The Perils of Protectionism: History Shows That Open Markets Are Crucial in Times of Crisis. Leaders Need to Step Away from Purely Domestic Concerns, and Ensure They're Not Threatening the World's Economy Further by Imposing Dangerous Protectionist Measures

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In attempting to secure their own economies, it's imperative that world leaders resist the temptation of protectionism. There is hope: we have a rule-based world trading system in the World Trade Organization (WTO), and a United States Administration that is ready to re-adopt a Keynesian policy to counter the business cycles, alongside other governments. But this crisis situation is worse than anything in post-war history, and it is befitting to remind ourselves how bad things did get.

Learning from history

From the collapse of 1929, it took the United States a whole decade, indeed to 1939, to get back to where it was in terms of its Gross Domestic Product (GDP). At the worst point in its history, four years after the first Wall Street crisis broke, the country's economy had shrunk by as much as 29%. Under pressure to protect farmers and industries, the United States Congress produced the Tariff Act of 1930, commonly known as the Smoot-Hawley tariff.

This legislation prompted foreign retaliation, which plunged the world deeper into the Great Depression. Smoot-Hawley now is shorthand for the beggar-thy-neighbour policies of the 1930s. Overall, world trade declined by some 66% between 1929 and 1934 (see Chart 1).

Western Europe went through an equally devastating crisis, although recovery started earlier: in 1932 for the United Kingdom and 1933 for Germany. Of course, this recovery was not sustained; the German war-economy finally crumbled in 1944 and it lost two-thirds of its GDP over the following two years.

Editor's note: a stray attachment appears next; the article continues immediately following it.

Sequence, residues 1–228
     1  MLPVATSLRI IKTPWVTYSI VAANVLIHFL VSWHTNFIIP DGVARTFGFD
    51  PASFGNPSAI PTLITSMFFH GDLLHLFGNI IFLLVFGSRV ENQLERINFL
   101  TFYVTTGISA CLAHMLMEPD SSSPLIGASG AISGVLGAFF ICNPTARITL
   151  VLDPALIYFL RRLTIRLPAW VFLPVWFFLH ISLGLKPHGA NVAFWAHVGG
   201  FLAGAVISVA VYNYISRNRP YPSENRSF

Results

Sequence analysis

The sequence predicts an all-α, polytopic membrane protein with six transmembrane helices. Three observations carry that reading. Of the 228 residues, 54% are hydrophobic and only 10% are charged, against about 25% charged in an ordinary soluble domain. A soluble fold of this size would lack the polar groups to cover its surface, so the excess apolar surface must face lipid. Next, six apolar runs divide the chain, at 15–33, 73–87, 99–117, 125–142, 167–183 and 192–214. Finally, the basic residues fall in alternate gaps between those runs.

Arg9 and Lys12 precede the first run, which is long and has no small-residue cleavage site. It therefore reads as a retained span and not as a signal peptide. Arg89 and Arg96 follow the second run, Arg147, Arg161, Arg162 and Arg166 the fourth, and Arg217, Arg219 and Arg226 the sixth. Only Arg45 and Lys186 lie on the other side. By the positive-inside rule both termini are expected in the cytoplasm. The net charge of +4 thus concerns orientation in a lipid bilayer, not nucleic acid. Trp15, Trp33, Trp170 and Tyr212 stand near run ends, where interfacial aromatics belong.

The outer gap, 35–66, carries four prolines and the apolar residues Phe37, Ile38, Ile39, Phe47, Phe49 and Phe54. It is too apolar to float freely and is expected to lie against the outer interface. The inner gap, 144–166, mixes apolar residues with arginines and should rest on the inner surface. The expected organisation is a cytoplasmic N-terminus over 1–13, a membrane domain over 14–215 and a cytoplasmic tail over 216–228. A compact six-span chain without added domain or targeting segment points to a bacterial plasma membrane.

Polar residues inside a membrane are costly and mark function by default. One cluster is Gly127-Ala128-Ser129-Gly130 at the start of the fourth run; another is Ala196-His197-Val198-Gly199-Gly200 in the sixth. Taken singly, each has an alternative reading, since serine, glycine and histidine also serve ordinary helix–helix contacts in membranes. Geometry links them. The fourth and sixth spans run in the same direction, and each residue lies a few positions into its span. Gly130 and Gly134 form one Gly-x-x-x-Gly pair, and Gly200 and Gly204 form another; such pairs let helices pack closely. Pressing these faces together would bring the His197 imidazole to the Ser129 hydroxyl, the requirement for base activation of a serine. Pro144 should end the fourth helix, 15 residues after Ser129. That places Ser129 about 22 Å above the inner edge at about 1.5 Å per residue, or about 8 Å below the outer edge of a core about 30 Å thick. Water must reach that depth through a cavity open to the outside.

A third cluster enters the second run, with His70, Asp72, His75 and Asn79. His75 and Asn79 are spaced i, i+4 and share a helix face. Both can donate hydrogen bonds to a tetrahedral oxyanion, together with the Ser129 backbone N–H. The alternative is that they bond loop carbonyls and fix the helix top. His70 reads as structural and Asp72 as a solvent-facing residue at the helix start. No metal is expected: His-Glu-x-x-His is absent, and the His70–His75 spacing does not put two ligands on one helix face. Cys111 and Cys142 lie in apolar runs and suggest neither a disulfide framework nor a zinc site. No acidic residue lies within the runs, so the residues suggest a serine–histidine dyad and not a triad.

Now is the time to resist protectionism

Fighting protectionism does not address the causes of the crisis--for that we need to change the culture of lax risk-management in a booming financial sector. But rejecting protectionism will help to limit transmission of the crisis to other parts of the globe, notably the developing and emerging economies.

Such transmission is happening in any case, but we need to limit its contagion. Trade is the engine of global growth and it is sputtering--the Organization for Economic Cooperation and Development's (OECD) recent forecast speaks of a decline in world trade of 13%. The recent Spring Meeting of the International Monetary Fund and World Bank yielded its bleakest global growth and trade prognosis since the creation of the Bretton Woods system back in 1944.

The ITC Trade Map uses high-frequency data to gauge the impact. The United States trade data reveal a steep import contraction: whereas imports had historically been increasing by some US$40 billion a month, they were contracting by $58 billion in February 2009 (see Chart 2).

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The monthly export data for African and Asian emerging and developing countries, hugely relying on OECD locomotive growth, paint a bleak picture. …